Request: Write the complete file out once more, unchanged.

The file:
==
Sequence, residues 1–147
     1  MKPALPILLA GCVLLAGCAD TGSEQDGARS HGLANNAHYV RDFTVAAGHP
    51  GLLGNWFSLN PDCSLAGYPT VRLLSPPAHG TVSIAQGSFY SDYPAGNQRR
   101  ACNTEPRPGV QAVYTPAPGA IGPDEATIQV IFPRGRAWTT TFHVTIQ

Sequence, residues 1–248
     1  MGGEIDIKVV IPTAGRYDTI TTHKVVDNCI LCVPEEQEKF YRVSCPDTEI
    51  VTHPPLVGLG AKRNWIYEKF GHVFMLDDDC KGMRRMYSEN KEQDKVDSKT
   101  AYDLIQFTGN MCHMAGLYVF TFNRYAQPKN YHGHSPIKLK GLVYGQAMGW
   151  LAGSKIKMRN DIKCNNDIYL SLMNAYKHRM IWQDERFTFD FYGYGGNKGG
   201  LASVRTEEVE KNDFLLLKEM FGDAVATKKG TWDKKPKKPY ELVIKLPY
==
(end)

Sequence, residues 1–147
     1  MKPALPILLA GCVLLAGCAD TGSEQDGARS HGLANNAHYV RDFTVAAGHP
    51  GLLGNWFSLN PDCSLAGYPT VRLLSPPAHG TVSIAQGSFY SDYPAGNQRR
   101  ACNTEPRPGV QAVYTPAPGA IGPDEATIQV IFPRGRAWTT TFHVTIQ

Sequence, residues 1–248
     1  MGGEIDIKVV IPTAGRYDTI TTHKVVDNCI LCVPEEQEKF YRVSCPDTEI
    51  VTHPPLVGLG AKRNWIYEKF GHVFMLDDDC KGMRRMYSEN KEQDKVDSKT
   101  AYDLIQFTGN MCHMAGLYVF TFNRYAQPKN YHGHSPIKLK GLVYGQAMGW
   151  LAGSKIKMRN DIKCNNDIYL SLMNAYKHRM IWQDERFTFD FYGYGGNKGG
   201  LASVRTEEVE KNDFLLLKEM FGDAVATKKG TWDKKPKKPY ELVIKLPY